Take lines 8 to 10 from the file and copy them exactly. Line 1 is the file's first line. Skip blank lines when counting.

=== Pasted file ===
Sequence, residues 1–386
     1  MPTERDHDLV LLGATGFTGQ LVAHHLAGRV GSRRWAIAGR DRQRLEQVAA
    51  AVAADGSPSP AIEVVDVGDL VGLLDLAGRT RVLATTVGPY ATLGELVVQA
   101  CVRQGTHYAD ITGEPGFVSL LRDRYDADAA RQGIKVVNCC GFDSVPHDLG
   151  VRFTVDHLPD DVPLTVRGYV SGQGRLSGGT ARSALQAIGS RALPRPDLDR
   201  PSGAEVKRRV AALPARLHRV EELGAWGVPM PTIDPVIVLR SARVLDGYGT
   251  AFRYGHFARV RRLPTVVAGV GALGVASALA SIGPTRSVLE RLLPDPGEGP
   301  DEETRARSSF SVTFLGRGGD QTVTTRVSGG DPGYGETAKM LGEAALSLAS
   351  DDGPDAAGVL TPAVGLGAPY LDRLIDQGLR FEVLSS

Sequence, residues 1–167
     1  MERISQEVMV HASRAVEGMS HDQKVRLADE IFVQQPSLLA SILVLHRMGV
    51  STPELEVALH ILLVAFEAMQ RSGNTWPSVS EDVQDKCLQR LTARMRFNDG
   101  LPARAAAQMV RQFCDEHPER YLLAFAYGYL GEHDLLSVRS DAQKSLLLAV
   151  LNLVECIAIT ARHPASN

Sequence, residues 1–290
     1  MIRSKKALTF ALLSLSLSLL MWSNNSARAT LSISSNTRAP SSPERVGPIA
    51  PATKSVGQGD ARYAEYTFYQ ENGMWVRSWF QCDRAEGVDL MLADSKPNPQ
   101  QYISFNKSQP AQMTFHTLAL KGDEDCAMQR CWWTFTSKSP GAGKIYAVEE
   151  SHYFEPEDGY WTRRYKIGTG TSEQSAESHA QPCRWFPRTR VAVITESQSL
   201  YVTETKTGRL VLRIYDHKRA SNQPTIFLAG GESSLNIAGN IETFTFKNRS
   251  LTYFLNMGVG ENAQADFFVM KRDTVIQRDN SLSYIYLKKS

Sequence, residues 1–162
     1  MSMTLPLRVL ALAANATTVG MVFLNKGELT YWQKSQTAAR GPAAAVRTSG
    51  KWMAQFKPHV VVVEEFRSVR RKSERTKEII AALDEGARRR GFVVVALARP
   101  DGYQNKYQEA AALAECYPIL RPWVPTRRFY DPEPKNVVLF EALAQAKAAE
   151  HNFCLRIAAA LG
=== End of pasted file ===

   301  DEETRARSSF SVTFLGRGGD QTVTTRVSGG DPGYGETAKM LGEAALSLAS
   351  DDGPDAAGVL TPAVGLGAPY LDRLIDQGLR FEVLSS

Sequence, residues 1–167